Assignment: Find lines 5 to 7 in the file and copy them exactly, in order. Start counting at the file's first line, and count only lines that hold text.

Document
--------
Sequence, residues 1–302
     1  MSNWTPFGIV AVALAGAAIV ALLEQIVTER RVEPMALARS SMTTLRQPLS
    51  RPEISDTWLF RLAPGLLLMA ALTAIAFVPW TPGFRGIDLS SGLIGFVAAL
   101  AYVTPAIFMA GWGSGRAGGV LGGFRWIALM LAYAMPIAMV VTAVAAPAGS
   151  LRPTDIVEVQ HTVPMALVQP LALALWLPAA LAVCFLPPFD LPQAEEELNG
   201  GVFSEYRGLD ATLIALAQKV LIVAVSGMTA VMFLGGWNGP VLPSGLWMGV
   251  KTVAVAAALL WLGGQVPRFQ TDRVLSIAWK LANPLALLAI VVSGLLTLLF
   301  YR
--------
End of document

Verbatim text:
   151  LRPTDIVEVQ HTVPMALVQP LALALWLPAA LAVCFLPPFD LPQAEEELNG
   201  GVFSEYRGLD ATLIALAQKV LIVAVSGMTA VMFLGGWNGP VLPSGLWMGV
   251  KTVAVAAALL WLGGQVPRFQ TDRVLSIAWK LANPLALLAI VVSGLLTLLF